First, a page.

Sun Bakery #1

by Corey Lewis

Introducing Sun Bakery: a one-man Shonen Jump-esque comics anthology from Sharknife creator, Corey Lewis. Each 48 page issue is jam packed with robo space adventure, paranormal skateboarding, breakdancing, and social swordplay. This landmark first issue debuts four new stories: “Dream Skills,” “Arem,” “Bat Rider,” and “Freeze.”

48 page full- color comic book

A Press Gang production April, 2016

UPC: 864030000207 00111
Diamond Code: FEB161067

$5.99

Buy it Now:

floating world comics

 

 

From the artist’s mouth: “It’s hard to describe the potential of what the series means to me, but basically I feel it will be the most ultimate thing I’ve ever done in Comic Books. I hope you join me for this wild ride… I feel the series will start modestly enough but as it goes on I will be introducing some crazy, crazy things.

“NOTES: “FREEZE” actually won’t be in this first issue. Our plan is to serialize the original PENG kickball story before I start running all the cool PENG-related side stories (Freeze, breakdancing story– STALL, hacky sack story)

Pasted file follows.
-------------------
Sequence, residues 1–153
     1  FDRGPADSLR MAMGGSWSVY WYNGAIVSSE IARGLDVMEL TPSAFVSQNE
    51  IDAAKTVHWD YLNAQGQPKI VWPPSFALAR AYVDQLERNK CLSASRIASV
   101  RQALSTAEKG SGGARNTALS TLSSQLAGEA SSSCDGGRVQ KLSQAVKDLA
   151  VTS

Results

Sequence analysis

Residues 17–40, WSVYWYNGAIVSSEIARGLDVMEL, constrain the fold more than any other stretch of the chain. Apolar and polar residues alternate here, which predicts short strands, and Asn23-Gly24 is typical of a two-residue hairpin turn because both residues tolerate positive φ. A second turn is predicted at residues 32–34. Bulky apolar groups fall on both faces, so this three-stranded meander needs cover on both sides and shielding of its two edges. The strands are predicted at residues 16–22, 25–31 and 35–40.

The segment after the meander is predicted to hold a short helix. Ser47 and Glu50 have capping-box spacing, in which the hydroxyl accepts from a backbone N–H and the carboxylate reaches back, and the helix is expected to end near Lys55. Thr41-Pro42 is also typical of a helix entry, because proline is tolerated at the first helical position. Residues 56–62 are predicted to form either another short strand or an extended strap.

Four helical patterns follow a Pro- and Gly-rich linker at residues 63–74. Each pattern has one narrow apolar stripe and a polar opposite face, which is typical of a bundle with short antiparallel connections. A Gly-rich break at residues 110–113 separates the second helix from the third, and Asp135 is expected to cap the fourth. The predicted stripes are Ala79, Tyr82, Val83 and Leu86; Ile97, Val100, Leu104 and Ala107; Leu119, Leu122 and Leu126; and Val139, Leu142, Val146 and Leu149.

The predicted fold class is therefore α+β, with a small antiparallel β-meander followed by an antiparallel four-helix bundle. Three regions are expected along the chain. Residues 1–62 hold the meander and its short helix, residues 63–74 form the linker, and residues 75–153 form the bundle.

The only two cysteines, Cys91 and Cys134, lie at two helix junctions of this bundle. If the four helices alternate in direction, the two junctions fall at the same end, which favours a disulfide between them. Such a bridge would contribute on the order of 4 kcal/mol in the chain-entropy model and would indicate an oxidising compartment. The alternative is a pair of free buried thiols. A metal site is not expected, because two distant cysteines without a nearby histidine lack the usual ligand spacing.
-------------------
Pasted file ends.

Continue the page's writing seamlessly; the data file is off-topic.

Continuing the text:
“I did a kickstarter for a self-published version of Sun Bakery a few years ago that I now call Sun Bakery #0– the content in that issue is totally unrelated to the all-new content in #1!!!!” —Corey Lewis [originally posted on tumblr]

Variant covers:

Mahfood_variant

Jim Mahfood 5 Copy Incentive Variant Cover

UPC: 864030000207 00121
Diamond Code: FEB161068

08640300002-00131

Paul Pope 25 Copy Incentive Variant Cover
UPC: 864030000207 00131
Diamond Code: FEB161069

Buzz:

“This is a comic that reads like what would happen if you took a poorly translated shonen manga, threw it in a blender with the Cannon Films library, and then poured the resulting liquid into a Sega Dreamcast that was somehow hooked up to a large format printer, and I mean that in the best way possible.” — Chris Sims, Comics Alliance

“Another type of anthology here, the classic one-artist-show. But since the artist in question is shōnen speed stylist Corey Lewis, the mind drifts from Eightball to a Japanese comics magazine, albeit one that’s 48 pages long and extremely focused on activity.” — Joe McCulloch, “Spotlight Pick” – The Comics Journal 

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